Although Microsoft’s Internet Explorer, as shown in Figure 8-1, dominates the Windows market, there are still dozens of browsers to choose from. Because the World Wide Web is based on open standards, most browsers work in similar ways and use the same technologies. The examples and lessons in the next few chapters refer to Internet Explorer, but can be applied to many existing browser programs.
Figure 8-1. Microsoft Internet Explorer 5.5
browser is a software application that requests
web pages and information from a
Protocol (HTTP) server and interprets and displays the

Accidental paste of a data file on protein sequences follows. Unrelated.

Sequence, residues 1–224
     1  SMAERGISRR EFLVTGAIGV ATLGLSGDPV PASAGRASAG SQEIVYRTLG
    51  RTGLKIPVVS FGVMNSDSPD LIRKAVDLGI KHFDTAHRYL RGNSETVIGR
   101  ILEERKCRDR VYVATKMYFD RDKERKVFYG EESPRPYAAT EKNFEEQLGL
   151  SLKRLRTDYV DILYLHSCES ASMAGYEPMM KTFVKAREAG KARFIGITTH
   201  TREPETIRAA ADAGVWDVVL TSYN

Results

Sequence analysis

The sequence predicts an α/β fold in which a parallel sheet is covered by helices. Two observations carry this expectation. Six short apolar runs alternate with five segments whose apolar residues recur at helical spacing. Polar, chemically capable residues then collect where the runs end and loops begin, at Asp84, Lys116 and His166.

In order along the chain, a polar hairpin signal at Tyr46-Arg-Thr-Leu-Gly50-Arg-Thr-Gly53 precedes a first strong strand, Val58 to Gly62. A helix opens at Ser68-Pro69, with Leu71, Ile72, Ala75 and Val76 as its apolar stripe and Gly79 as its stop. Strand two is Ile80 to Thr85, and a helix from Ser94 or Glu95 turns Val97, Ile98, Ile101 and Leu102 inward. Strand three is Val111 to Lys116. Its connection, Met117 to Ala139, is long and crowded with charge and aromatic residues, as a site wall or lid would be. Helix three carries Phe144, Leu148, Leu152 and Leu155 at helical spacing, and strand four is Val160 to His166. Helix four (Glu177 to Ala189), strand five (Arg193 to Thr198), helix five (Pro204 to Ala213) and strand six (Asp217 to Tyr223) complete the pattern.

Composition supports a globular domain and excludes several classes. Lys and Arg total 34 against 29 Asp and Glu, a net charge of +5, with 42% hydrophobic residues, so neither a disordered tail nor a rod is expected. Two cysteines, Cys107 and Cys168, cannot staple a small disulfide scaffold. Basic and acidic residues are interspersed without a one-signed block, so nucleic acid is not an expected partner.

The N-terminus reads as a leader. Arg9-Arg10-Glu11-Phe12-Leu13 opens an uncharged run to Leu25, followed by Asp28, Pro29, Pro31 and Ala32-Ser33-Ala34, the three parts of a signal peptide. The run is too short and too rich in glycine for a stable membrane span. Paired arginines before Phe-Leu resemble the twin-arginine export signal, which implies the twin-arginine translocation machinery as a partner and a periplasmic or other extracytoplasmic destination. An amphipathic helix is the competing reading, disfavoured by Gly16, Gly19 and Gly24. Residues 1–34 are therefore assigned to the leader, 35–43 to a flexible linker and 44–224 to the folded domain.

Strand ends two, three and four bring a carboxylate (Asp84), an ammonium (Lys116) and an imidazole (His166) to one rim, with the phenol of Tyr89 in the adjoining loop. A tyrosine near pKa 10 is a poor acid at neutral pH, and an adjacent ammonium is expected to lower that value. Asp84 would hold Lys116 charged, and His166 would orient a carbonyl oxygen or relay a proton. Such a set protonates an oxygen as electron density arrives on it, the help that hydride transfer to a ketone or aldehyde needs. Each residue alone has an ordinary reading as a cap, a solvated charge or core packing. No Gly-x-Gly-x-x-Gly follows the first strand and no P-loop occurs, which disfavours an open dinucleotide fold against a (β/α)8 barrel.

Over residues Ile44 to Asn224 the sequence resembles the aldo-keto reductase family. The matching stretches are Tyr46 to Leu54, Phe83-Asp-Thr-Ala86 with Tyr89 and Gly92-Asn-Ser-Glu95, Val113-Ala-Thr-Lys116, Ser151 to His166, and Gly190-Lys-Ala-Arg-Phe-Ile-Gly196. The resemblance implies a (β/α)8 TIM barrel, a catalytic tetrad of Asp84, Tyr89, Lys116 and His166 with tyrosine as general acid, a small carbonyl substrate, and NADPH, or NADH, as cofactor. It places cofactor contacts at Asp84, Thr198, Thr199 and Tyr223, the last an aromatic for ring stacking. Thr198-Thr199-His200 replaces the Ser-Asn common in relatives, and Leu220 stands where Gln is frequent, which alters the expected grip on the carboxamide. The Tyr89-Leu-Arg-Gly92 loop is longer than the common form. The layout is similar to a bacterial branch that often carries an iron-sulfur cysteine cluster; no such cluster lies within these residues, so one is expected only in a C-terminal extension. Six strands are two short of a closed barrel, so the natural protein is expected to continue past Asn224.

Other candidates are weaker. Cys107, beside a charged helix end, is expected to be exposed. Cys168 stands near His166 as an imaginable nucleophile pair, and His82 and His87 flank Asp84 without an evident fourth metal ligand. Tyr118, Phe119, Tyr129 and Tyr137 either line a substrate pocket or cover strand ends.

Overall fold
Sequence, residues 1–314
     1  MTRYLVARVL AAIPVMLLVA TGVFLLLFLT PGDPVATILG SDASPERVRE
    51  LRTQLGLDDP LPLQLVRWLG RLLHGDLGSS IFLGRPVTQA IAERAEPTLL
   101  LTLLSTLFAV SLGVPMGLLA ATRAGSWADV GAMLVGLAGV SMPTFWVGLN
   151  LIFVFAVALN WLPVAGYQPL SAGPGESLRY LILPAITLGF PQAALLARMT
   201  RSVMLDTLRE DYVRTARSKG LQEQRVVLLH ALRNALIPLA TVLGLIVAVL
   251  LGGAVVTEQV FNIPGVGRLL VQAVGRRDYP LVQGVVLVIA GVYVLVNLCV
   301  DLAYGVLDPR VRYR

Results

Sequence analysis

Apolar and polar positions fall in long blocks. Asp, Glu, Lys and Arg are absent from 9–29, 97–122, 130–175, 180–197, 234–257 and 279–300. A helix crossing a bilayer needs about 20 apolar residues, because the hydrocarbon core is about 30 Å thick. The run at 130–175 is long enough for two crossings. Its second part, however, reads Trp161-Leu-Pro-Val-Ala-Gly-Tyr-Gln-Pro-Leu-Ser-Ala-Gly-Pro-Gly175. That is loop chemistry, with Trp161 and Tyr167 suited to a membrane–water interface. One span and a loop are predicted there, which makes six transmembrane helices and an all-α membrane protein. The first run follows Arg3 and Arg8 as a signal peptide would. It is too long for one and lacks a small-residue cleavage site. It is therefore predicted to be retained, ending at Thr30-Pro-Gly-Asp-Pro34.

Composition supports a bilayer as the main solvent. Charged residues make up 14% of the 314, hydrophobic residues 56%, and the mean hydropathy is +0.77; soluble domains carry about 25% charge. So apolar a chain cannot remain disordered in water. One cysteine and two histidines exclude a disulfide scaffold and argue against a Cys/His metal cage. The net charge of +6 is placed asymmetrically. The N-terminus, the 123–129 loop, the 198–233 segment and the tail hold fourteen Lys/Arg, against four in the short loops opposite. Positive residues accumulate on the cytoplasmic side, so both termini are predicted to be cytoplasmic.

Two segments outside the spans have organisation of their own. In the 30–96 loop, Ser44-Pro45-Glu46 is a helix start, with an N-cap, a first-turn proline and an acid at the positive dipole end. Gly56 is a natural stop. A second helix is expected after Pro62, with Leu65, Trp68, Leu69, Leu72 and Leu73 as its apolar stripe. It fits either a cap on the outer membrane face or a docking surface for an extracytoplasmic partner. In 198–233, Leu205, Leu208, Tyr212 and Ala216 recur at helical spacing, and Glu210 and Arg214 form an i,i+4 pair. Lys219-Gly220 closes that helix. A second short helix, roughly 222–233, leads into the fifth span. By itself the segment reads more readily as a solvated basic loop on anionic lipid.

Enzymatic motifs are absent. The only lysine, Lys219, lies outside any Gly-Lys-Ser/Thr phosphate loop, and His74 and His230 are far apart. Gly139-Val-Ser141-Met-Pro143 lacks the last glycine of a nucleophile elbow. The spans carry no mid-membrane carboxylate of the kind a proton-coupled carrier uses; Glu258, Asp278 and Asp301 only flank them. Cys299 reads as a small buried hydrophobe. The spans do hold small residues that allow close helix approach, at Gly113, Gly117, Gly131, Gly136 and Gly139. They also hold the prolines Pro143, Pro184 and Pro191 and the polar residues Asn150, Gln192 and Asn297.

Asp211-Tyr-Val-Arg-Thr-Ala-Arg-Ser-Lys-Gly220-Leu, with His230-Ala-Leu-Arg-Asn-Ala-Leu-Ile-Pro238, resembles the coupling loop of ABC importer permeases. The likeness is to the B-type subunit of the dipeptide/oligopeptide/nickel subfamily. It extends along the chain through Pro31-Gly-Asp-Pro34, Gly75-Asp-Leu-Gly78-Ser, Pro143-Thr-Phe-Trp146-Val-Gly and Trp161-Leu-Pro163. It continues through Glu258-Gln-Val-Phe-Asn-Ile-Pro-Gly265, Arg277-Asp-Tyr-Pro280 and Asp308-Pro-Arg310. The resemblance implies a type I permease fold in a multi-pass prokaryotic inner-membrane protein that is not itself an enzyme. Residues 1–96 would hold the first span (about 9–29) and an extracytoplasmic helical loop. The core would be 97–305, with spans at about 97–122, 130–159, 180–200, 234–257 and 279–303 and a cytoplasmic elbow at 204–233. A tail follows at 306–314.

results. The information sent back from a web server contains display
pictures, graphics, scripting codes, hypertext links, audio files,
and all the other supported forms of web content.
Browsers work by requesting information from a web server, often
initiated by the user typing in the web site’s address. A
TCP/IP connection to the host is made over port number 80, which is
assigned to the HTTP protocol (although any port number can be used
if previously agreed upon). The web server accepts the connection.
The client browser sends a
which initiates the server to send back information. The response includes a stream of ASCII characters following the HTML formatting conventions and any binary components. After the response ...